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Mick feels that this summer is different from any she’s ever experienced before. She is restless and wanders the streets with her two younger brothers in tow from morning till night. She makes grand plans for the future and all of them include leaving the small town behind and being famous and heroic. At night when she is free from the responsibility of her brothers, she goes back out into the streets and wanders some more. Her mother questions her about where she’s going and she gives her mother plausible lies. She is only pulled back home by her father, a kind and sad man since he broke his back painting a house and now sits in the front room trying to start a watch repair business.
One day he calls out to her as she is leaving the house. She is in a great hurry, feeling a frenzied need to get outside, but she goes into the front room to stand in front of him. She realizes that he has nothing to say to her, but just wants her company since he’s lonely and feels at loose ends now that he has lost his function as the family’s provider. It is the first time she recognizes her father as a "real separate person" with his own feelings and needs. She assures him that she is not in a hurry and stands with him for a while talking to him and giving him the comfort of her presence. Still, she can’t reveal to her father what she has been thinking lately. It is too private and too large to be spoken aloud.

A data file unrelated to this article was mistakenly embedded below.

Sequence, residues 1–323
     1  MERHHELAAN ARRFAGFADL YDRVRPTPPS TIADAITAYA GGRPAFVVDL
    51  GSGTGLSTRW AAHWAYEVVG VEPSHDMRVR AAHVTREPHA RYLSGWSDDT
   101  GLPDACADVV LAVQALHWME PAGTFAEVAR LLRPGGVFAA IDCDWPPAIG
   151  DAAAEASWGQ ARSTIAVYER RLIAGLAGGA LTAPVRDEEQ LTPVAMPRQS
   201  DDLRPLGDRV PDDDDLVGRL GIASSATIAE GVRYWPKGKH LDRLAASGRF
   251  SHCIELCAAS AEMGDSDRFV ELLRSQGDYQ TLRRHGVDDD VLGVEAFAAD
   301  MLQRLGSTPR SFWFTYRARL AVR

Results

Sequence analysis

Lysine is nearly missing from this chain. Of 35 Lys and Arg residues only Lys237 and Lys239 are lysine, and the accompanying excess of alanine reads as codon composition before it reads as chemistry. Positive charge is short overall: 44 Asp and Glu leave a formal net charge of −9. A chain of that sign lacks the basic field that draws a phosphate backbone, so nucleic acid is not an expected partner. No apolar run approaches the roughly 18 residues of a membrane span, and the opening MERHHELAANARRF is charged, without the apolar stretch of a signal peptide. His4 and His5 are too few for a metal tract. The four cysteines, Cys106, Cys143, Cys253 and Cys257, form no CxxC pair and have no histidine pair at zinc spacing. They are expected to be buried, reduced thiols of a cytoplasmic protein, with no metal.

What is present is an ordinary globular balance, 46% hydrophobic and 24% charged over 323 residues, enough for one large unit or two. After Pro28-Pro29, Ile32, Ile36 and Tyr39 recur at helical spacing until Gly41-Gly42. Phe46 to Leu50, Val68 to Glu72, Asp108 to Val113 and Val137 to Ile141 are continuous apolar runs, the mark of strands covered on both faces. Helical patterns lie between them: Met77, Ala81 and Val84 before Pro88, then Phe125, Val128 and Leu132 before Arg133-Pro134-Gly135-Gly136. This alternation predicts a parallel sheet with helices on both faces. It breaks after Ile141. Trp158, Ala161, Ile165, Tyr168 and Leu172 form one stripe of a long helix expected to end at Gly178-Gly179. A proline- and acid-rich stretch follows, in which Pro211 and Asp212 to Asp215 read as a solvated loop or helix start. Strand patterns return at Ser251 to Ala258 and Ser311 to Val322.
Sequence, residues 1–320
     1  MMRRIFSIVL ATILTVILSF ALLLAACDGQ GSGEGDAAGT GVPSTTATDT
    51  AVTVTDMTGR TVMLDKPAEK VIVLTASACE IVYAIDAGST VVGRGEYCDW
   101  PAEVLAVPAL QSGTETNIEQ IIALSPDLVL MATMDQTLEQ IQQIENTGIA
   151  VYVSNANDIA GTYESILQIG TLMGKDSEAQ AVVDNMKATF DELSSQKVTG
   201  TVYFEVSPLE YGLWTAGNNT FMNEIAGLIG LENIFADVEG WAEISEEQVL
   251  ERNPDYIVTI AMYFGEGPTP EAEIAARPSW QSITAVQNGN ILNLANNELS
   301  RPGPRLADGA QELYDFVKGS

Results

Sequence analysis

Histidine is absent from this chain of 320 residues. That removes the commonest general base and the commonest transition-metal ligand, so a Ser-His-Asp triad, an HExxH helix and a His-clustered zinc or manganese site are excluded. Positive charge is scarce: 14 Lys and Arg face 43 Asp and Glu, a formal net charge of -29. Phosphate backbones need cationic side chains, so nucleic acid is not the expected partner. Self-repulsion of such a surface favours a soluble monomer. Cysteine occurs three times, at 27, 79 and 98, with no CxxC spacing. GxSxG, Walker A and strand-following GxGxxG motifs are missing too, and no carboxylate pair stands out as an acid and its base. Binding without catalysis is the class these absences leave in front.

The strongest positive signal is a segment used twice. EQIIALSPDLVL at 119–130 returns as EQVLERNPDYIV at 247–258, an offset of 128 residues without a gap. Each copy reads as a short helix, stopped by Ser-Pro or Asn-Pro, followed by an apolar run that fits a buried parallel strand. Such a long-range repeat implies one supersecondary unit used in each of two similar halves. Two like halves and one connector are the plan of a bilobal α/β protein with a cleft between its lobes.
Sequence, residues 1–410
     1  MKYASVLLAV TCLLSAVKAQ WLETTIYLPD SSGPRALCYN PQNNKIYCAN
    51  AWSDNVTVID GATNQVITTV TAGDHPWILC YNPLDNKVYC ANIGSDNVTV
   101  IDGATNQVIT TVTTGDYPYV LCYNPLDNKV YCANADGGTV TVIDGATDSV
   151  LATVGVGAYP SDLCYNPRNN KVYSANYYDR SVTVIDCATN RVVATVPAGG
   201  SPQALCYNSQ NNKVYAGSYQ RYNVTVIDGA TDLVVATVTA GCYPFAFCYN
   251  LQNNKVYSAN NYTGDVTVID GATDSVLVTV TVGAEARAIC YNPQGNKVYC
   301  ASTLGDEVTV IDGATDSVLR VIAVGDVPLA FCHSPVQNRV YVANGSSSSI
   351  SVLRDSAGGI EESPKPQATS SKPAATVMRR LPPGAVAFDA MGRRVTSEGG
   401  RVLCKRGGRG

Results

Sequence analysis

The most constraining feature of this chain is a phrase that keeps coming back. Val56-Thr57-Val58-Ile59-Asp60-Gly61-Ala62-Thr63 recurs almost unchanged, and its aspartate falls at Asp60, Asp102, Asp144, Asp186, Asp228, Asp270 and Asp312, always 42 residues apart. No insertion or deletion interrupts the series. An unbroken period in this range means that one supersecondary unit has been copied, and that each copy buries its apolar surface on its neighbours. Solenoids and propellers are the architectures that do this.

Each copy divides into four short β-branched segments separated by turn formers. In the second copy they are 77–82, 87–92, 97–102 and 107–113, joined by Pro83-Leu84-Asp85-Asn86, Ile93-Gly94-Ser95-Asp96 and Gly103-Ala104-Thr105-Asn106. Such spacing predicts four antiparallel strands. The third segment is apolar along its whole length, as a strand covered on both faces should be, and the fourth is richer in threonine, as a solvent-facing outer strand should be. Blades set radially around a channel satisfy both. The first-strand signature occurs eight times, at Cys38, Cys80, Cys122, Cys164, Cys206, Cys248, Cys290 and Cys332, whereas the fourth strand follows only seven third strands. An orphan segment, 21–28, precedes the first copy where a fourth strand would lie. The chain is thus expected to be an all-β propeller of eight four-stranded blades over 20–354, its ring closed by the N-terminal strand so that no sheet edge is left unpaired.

When they get back to her house, she realizes that the younger neighbor kids are standing in the yard watching the party. She tries to push them away, but they refuse to leave. Suddenly the party goes from being the formal affair of a promenade party to being a "regular playing-out." All the party members run around as if they were children, ignoring their formal clothes and Mick joins them and leads them in wild stunts. Finally, she goes back to the house, takes off her clothes, washes her face, puts on her shorts and goes to the front door to yell to everyone that the part is over and they should go home. She wanders the streets until she reaches her favorite house. She sits outside the window listening to the music until Beethoven comes on. She has never heard this piece and she listens rapturously until it’s over. When it is, she feels a horrible loss and hits and scratches her thighs. Then she falls asleep and wakes in the middle of the night and runs home. At home in bed, she thinks of Mr. Singer as something like God, silent and listening to her.